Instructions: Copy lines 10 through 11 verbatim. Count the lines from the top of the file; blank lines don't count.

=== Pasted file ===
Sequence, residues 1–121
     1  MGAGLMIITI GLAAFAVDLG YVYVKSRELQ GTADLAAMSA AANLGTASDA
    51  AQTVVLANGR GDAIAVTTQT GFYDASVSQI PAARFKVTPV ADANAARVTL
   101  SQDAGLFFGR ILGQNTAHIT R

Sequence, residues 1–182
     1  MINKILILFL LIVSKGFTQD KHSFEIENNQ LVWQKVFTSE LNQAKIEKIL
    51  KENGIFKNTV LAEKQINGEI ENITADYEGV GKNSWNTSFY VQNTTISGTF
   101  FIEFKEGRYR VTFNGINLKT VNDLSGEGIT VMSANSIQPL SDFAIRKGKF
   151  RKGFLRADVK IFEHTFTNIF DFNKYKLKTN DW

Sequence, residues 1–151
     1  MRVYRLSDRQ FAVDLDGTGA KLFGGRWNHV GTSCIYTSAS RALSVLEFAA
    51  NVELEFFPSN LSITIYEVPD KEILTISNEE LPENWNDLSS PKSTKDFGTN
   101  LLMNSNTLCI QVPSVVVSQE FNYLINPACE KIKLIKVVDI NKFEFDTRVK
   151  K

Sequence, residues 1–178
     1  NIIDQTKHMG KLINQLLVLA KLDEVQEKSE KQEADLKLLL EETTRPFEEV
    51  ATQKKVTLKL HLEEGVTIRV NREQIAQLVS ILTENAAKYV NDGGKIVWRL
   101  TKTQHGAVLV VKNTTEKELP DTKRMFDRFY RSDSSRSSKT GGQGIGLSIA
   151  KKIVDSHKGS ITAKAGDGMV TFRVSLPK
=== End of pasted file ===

Sequence, residues 1–151
     1  MRVYRLSDRQ FAVDLDGTGA KLFGGRWNHV GTSCIYTSAS RALSVLEFAA